This blog highlights some of the initial and critical components of caring for a person with dementia (PwD). The highlighted words and phrases are linked to other posts with more information.
Repetition is one of the earliest behaviors associated with dementia. The PwD literally forgets what he or she forgot. Regardless of the type of dementia, one common denominator is brain shrinkage. As the brain shrinks, the person first loses short-term memories. Later in the disease, memories become mixed up and even long-term memories may disappear. The person is literally moving backward in time.
Personality Changes, Anger, Irritability
Caregivers often report personality changes and more anger and irritability. Imagine how frustrated you would feel if, every time you typed something on your computer and hit the “save” button, the page would disappear. Everything else is working. You type, again and again, press the “save” button, and whoosh. Gone. Now, imagine that someone comes up to you and asks where the file is. You don’t know and can’t explain what is happening. The person looks at you like you’ve just lost your mind. They sit at your computer, type a half a page, hit “save,” and the computer works just fine. This is probably what it is like to have short-term memory issues. No wonder people with this type of memory loss are upset and angry. There are other reasons why as well, which you can see here.
Caregivers also have to watch how they come across. Emotions can be contagious. This post will help explain caregiver vibes.
New Challenges as Dementia Worsens
- Care refusals. Refusals may be based on fear or the belief that the task has already been completed. As a caregiver, you will need to enter “Dementia Land” and see the world from their perspectives. I have strategies here to prevent refusals and strategies that may help get the job done once the refusals have started.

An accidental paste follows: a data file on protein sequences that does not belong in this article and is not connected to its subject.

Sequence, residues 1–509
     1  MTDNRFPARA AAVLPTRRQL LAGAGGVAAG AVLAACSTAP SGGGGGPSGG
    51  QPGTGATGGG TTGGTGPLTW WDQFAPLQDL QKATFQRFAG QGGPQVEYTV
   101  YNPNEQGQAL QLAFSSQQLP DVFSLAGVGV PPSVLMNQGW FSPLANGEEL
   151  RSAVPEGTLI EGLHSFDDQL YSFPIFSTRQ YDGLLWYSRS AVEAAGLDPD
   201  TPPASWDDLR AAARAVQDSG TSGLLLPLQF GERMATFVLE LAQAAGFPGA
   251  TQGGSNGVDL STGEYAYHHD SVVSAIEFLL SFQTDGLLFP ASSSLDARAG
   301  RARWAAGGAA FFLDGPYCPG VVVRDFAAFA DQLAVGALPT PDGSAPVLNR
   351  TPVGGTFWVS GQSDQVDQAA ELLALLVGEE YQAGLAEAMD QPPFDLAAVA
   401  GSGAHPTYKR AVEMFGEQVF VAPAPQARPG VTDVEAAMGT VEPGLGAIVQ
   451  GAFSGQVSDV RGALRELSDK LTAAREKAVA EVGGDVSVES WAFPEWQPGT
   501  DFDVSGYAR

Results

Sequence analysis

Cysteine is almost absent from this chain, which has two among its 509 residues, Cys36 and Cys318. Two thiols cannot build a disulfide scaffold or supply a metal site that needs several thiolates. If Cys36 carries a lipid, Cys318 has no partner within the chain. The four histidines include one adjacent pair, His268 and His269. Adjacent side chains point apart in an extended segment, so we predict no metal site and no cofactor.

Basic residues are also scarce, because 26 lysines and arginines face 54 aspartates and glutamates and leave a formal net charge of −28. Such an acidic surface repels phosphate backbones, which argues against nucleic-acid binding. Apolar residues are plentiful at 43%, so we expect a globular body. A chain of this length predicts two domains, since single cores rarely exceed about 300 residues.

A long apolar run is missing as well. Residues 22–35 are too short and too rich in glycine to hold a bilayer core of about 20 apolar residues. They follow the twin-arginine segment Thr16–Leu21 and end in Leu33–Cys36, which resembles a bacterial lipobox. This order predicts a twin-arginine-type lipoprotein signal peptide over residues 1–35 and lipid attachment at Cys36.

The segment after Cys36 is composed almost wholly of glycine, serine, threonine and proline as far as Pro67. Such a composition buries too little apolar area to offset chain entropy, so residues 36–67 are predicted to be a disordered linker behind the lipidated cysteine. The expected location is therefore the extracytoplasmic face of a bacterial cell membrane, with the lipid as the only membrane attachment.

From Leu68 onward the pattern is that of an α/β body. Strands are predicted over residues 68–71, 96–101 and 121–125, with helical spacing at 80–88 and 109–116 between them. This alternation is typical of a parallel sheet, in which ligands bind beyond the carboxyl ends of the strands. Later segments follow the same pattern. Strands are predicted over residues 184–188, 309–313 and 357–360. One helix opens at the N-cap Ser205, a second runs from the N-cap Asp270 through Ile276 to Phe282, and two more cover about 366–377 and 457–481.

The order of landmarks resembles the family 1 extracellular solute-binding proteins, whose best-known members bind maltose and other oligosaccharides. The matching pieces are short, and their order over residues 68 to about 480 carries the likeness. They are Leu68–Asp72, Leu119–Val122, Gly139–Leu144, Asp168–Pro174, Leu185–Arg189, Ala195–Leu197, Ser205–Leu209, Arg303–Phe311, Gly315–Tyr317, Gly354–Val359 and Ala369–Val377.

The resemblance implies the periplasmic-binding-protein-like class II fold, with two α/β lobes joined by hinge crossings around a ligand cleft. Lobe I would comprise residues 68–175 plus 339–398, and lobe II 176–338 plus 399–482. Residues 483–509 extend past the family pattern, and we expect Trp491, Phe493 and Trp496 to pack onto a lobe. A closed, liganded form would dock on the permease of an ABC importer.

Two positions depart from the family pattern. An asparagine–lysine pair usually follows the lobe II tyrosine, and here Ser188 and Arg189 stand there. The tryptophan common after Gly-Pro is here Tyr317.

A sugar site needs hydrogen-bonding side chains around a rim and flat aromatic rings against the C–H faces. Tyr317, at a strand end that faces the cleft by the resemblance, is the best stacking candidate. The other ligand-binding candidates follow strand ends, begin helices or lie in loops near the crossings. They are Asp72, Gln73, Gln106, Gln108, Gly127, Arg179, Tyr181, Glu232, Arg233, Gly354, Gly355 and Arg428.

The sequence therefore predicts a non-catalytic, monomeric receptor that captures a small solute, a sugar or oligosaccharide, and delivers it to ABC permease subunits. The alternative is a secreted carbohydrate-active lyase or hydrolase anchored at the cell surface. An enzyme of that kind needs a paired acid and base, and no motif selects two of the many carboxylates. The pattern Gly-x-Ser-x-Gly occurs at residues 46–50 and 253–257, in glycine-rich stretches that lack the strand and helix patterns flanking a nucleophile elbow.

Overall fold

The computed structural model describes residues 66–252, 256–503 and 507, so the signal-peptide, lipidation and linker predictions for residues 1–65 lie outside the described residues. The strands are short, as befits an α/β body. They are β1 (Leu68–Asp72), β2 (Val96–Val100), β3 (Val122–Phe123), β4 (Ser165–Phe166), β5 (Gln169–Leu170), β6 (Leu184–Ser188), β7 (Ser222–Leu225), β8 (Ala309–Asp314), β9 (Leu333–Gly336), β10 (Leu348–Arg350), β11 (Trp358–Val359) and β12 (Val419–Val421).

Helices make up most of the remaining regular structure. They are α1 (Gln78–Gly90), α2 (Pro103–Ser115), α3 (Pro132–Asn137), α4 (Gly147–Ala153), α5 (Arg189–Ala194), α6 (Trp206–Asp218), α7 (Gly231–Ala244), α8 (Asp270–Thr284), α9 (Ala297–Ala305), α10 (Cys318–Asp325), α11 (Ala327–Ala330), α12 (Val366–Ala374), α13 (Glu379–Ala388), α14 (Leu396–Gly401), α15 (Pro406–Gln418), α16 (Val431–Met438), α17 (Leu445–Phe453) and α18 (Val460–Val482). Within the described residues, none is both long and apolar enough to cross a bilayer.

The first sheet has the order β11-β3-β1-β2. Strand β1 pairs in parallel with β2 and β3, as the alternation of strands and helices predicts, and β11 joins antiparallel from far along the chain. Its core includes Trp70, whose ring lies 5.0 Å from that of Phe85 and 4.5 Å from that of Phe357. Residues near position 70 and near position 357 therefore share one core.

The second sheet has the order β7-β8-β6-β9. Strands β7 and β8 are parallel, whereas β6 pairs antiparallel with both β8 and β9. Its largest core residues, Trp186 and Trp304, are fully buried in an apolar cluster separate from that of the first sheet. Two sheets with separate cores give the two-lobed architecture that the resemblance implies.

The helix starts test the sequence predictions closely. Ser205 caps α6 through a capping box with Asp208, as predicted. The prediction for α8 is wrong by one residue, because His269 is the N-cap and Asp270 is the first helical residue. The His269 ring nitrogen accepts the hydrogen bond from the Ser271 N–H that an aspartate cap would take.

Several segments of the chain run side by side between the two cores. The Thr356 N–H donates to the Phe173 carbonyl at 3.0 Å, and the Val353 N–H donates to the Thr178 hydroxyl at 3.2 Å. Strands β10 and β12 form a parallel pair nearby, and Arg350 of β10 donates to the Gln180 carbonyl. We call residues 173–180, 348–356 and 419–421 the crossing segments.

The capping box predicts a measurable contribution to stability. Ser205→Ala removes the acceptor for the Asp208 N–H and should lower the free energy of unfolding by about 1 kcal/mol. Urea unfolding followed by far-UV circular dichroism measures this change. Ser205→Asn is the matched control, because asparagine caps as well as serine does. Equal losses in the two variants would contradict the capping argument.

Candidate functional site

- Driving. This post will help you to figure out if the PwD should be driving. If driving is no longer possible, this post will provide some ideas for gently taking away the keys.
- Maximum independence. Sometimes it is easier to just do the task yourself. But if you keep “doing for” the person with dementia, you may be accidentally taking away their abilities. This post provides more detail and information.
This “crash course” provides basic information for caregivers new to the role. Please, ask questions!! If you are experiencing a certain situation, no matter how unique it may feel to you, others are experiencing it, too. You are not alone!
Dr. Rita Jablonski
Rita Jablonski, PhD, CRNP, FAAN, FGSA is a nurse practitioner, researcher, tenured professor, and former family caregiver. Her research and practice involve all aspects of dementia management; she is best known for non-drug strategies to address dementia-related behaviors.